Section 33 (1)(c) of the National Drug Policy and Authority Act, Cap 206 which prohibits the advertisement and publication of information that is calculated to promote the use of a drug
The Uganda National Bureau of Standards (UNBS), National Drug Authority (NDA), and Uganda Communications Commission (UCC) have asked members of the public to report manufacturers and media houses advertising various drinks which claim to enhance human potency.
According to the three bodies, it is illegal to advertise or promote the use of a drug or any other product for prevention or treatment of any disease or relating to enhancing human potency.
The warning follows a growing number of advertisements on television, radio, and social media of products, especially drinks, whereby producers claim that they enhance men’s sexual prowess.
“These advertisements, which exaggerate the therapeutic capability of the drinks being advertised, are not only misleading to the public but actually putting lives at risk. Moreover, some of them, especially the visual content on TV and social media, portray inappropriate content,” the three agencies said in a joint press release on Tuesday.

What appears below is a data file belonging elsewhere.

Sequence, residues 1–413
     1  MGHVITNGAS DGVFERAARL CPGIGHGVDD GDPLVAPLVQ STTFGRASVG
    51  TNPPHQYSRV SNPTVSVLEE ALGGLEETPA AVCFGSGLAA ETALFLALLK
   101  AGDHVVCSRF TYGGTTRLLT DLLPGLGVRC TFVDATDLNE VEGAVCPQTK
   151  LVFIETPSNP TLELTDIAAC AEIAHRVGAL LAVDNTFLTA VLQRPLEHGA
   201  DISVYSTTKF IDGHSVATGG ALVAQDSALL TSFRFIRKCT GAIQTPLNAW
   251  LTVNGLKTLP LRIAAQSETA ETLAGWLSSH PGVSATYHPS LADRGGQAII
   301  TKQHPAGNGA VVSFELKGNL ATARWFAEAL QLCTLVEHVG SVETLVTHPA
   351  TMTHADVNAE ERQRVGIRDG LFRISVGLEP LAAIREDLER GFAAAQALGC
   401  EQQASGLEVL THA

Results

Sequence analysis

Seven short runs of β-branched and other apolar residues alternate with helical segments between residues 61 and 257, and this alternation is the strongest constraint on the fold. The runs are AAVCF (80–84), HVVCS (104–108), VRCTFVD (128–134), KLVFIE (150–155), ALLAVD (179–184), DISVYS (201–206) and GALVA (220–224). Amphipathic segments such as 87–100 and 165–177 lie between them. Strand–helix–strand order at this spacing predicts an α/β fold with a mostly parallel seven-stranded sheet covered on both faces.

They cited section 33 (1)(c) of the National Drug Policy and Authority Act, Cap 206 which prohibits the advertisement and publication of information that is calculated to promote the use of a drug for prevention or treatment of any disease or relating to enhancing human potency. In addition, Section 5 (1) to (5) in the Food and Drugs Act, Cap 278 prohibits the false labelling or advertisement of food or drug.
“Anyone who advertises or promotes a product with claims of a cure, treatment, prevention and/or modification of disease/body function is advertising a drug and must seek the approval of NDA,” the press release reads in part.
“The media platforms that publish these advertisements contravene sections 12 and 13 of Annex 14 of the Advertising Standards issued by the UCC. At the same time, the claims made in the adverts are not in tandem with the applicable Uganda standards for labelling and use of claims for the health drinks concerned.”
The three agencies warned that the manufacturers and media houses running the deceptive adverts “will face sanctions in accordance with the laws put in place by the government to protect consumer health and safety from these dangerous deceptive practices.”